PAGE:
• a condition of general bodily weakness or discomfort, often marking the onset of a disease
    • a general feeling of being ill or having no energy
    As has been said, what other word, acceptable to the medical/scientific community, could be used? Perhaps Post Exertional Symptom Aggravation is a better description of what happens, but doesn't do much to capture how bad it can be for a lot of people.
     
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  5. TiredSam

    TiredSam Moderator Staff Member

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    I actually do sometimes suffer from malaise. When it strikes I have found that reclining on my chaiselongue clutching my smelling salts and a kerchief can bring some comfort.

    I also have ME, and when those symptoms strike I have found that even if I lie down in a dark quiet room I can feel like a zombie who's just been run over by a truck.
     
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  6. Trish

    Trish Moderator Staff Member

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    My problem with malaise in the context of ME is that it seems to suggest we are fine until we over exert ourselves, then we feel a bit unwell.

    I'd say I have malaise all the time.

    Full blown PEM is, for me, a complete inability to function in any meaningful way, and feeling very weak and ill. It's about lying in bed in whole body pain, with a splitting headache and hoping not to throw up, and needing to crawl to get to the bathroom.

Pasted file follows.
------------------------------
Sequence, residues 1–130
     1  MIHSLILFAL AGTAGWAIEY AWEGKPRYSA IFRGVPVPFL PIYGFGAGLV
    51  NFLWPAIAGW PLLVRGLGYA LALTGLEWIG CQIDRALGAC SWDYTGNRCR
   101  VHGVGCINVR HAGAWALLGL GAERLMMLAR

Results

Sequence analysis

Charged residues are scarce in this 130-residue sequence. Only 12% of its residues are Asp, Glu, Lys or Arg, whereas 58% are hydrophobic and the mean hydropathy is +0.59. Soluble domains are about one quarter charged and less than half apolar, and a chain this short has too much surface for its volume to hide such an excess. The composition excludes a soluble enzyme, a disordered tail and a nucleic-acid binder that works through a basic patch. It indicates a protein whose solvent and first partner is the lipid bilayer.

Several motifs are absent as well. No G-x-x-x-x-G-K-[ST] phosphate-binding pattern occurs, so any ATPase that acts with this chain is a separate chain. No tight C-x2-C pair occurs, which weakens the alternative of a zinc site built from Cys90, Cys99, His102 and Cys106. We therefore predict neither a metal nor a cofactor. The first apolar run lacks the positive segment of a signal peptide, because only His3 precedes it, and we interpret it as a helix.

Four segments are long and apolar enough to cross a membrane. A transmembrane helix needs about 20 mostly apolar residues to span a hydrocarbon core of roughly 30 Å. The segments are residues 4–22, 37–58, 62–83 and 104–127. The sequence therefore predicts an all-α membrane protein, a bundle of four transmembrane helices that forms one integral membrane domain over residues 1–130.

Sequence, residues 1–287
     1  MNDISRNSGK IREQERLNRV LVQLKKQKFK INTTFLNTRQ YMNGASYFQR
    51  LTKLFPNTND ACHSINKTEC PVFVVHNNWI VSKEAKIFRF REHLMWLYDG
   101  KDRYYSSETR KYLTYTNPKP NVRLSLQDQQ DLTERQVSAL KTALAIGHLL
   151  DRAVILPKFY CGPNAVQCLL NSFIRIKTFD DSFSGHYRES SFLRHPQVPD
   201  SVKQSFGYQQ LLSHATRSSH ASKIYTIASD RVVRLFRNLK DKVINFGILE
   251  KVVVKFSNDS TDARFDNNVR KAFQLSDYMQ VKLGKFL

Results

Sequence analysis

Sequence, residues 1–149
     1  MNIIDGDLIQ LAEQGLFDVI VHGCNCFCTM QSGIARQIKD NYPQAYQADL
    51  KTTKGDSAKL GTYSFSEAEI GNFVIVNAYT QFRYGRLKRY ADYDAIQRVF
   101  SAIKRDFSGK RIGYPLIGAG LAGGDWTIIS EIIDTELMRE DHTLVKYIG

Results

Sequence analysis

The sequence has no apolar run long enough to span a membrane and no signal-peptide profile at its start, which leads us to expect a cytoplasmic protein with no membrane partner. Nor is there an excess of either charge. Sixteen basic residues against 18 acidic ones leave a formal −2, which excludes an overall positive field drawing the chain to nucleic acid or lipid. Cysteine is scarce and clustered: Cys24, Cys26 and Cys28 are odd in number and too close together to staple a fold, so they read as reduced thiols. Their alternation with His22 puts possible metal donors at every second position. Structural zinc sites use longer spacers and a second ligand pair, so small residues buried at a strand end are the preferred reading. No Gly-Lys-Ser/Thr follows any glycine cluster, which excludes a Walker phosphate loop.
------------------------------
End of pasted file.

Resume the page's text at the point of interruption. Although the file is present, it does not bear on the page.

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  7. Wonko

    Wonko Senior Member (Voting Rights)

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    That's what I would call a crash, PEM is less, still unable to function in any meaningful way, pain, nausea, vertigo, severe weakness etc., but crawling, that's a crash (IMO).
     
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  8. Scarecrow

    Scarecrow Senior Member (Voting Rights)

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    Language, eh. Don't you love it? How can we standardise what we mean?

    I used to have the malaise/flu that never ended until, finally, it did. Sometimes I still get it with PEM, but generally it's 'just' the whole body pain and headache that @Trish describes (plus a sore throat and a stuffy nose). Luckily not the crawling, though.